The last moments seen right of nervous good health back at the end of July…
I’ve been waiting to post these thoughts for four months as my left arm and hand’s ulnar nerve has begun, at last, to heal from a very nasty uncharacteristically (honest) alcohol-related, zero miles-per-hour crash in Dublin at the end of July.
The great Round-the-World cycle tour probably won’t happen as a result, and aged just over 60 with what MRI scans and X-rays inform me is a not-unusual-for-the-age arthritic neck, I’ve learned more than ever I would have wished to about how nerves can get damaged and then slowly – VERY slowly – begin to heal .
It should have been, after all, a very safe Cirencester Church Choir’s summer trip to Dublin, singing the weekend services at St Patrick’s Cathedral. So how did it happen?
OK, I’ll own up. Too much pre-Saturday-lunch Guinness at the Guinness Factory, followed by too much later-afternoon Guinness after watching the show Riverdance, followed by a killer glass (+ a bit) of white wine at dinner. Followed – and this is the silly bit – by sleeping, semi-anaesthetised, awkwardly on two pillows instead of the usual one in an unfamiliar Dublin hotel bed, with neck in effect in traction.
As simple as that. The result? Left cervical nerve root at C8 got hammered, squashed, stretched, and partially severed. With the consequence of crippling nerve pain in hand and forearm, numbness/pain in the foot (referred pain down the spinal cord and sciatic nerve), and virtual immobilisation, for several weeks. (If you know the terminology, you like me probably know more than you would like to about neck injury)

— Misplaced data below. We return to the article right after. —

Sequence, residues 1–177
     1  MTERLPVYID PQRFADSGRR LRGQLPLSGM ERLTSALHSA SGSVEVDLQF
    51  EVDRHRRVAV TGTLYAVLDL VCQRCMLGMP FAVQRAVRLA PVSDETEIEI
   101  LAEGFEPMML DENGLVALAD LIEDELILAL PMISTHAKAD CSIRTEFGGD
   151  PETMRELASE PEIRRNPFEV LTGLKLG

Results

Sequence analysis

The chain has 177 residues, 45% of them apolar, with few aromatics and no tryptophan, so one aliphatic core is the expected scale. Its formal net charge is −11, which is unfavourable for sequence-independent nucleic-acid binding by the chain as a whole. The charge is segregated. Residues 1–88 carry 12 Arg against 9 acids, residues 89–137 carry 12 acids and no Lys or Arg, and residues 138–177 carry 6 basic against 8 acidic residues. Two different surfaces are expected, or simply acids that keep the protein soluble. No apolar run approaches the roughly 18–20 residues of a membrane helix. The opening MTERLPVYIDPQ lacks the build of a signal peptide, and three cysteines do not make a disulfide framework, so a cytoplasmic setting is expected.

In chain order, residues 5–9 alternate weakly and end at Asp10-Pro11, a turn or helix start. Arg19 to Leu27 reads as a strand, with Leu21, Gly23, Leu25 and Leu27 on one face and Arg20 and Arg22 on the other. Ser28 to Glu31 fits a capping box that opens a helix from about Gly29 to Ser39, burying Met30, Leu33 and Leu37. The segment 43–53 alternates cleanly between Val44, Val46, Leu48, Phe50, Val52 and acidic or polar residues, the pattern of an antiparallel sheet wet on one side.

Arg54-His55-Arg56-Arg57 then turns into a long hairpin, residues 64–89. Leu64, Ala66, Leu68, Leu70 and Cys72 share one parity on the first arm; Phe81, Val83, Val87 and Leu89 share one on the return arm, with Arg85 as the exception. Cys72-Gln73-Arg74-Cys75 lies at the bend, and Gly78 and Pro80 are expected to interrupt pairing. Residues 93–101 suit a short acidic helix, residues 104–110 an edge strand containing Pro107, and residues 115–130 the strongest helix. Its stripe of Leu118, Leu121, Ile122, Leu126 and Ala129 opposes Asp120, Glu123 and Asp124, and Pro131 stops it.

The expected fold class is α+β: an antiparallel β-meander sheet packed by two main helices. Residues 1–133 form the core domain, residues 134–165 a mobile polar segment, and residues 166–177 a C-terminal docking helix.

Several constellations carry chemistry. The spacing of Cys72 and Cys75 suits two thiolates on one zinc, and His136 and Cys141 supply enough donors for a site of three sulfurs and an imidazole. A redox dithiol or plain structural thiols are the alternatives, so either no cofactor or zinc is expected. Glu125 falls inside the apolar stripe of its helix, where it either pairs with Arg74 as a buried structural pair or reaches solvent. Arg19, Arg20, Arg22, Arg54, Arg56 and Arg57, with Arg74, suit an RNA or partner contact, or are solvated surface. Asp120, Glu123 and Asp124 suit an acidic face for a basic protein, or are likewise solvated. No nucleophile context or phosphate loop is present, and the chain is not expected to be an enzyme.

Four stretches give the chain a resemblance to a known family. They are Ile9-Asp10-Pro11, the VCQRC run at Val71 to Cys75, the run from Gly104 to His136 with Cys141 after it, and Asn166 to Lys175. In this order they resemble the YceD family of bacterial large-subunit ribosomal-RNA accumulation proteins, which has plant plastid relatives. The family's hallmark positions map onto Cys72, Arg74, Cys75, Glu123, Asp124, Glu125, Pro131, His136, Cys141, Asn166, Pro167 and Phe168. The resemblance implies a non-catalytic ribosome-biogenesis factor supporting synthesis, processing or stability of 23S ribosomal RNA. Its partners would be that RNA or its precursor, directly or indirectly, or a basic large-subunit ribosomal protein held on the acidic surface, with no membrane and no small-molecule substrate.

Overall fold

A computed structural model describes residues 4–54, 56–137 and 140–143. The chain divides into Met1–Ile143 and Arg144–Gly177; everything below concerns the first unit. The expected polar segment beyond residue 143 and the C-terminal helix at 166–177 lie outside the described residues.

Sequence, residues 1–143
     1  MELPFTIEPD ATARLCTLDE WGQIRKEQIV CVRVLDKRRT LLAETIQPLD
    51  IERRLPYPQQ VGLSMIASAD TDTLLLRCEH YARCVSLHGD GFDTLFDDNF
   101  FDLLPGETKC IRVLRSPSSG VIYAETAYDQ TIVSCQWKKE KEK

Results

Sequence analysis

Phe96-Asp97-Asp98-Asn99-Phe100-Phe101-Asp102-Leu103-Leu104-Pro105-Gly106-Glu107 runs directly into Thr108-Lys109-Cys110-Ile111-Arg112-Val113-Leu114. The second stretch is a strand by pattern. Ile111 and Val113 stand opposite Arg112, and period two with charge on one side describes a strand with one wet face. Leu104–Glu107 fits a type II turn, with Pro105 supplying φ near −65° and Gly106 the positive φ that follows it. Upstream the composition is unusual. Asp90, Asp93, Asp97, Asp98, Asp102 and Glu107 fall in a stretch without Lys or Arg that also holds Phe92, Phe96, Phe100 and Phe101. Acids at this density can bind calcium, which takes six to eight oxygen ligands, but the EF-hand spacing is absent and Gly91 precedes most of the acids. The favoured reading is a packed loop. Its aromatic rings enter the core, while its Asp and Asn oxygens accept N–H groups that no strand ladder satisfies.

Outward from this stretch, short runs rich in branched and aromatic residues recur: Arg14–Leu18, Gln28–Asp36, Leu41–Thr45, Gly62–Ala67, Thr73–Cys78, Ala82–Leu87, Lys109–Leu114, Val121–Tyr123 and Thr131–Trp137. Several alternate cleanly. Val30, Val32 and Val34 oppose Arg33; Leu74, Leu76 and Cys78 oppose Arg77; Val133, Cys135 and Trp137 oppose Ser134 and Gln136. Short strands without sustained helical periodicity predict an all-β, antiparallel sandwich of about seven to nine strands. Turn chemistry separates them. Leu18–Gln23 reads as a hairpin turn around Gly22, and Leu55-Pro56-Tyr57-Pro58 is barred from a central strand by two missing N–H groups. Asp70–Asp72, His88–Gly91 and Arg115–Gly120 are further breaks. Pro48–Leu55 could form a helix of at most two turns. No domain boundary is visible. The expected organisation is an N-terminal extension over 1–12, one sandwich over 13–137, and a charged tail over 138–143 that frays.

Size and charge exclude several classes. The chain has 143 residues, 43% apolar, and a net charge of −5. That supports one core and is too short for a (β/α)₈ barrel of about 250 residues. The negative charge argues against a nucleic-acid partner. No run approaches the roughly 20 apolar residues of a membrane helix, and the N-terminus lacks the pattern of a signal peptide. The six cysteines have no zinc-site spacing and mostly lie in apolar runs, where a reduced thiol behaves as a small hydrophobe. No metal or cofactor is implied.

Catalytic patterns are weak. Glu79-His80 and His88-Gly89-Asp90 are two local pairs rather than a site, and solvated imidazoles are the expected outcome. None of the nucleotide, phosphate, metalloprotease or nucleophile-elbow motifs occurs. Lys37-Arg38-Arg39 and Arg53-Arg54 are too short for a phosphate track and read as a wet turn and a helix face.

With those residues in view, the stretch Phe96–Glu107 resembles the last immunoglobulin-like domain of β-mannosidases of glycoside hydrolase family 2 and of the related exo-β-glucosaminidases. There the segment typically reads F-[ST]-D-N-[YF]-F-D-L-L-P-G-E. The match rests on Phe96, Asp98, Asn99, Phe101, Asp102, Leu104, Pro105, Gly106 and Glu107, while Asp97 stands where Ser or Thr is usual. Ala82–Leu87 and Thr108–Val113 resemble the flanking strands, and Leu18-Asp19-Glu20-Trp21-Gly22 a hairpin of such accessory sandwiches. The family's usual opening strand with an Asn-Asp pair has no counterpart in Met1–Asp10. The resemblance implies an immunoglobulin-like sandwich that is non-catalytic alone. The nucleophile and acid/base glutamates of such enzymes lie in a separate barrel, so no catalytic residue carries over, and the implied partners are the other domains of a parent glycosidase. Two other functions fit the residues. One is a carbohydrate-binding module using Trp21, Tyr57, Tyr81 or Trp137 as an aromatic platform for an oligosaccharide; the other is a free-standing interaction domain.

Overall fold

Bye-bye German tandem holiday, and bye-bye two months’ worth of therapy work with clients.
Ah well. All is now getting better, and a lovely doctor at the John Radcliffe in Oxford has just done detailed nerve conduction tests which show how the axons (that’s the actual wiring) were indeed severed in part, but how also they’re now slowly growing back, while neighbouring nerve circuits are helping my left hand regain some of its previous grip and strength.
It was thrilling, emotional too, to see on his computer screen and especially hear on his loudspeakers the chatter of the nerves as they tried to communicate with the muscles in my hand, some of which have wasted as they’ve lost their nerve connections to the brain.
Healing is indeed happening, my doctor told me, but as the dear old axons grow at only a foot a year, it will be two or three years before, with luck, I’m fully back to normal. And possibly longer if that’s how long it takes the ball of the foot to come back on line.
Cycling has had to stop for the time being, as has any vigorous exercise. Playing guitar again has been good and challenging, however, as the left hand’s blessed little finger (I have a whole new relationship to my nerves and my body as a result of this, which is a very real silver lining) has gradually regained power.
I’m re-learning Ralph McTell’s ragtime pieces, with simpler and, it turns out, more effective fingering. Meaning there’s one piece which is at last coming right after 40 years of not being able to play properly!
The point of all this? If you’ve suffered nerve damage, or what my electrical doctor today rather kindly termed Insult to the Nerves, you’ll know how achingly painful and long-lasting the consequences can be.
And if you’ve read this far, here are some websites which I found marvellously informative about what this injury actually is. Though nowhere, literally nowhere, have I found reference to anyone who’s managed to injure themselves so severely at a nerve root level as thoroughly and, let’s face it, stupidly as I did.
Thank you Guinness – you’ve finally cured me altogether of alcohol.
eMedicine summary of the physiology of cervical neck injury.
Eight steps to beating cervical radiculopathy – a helpful website by a fellow sufferer.
Pain Clinic’s account of what goes on when the nerve gets bashed or stretched.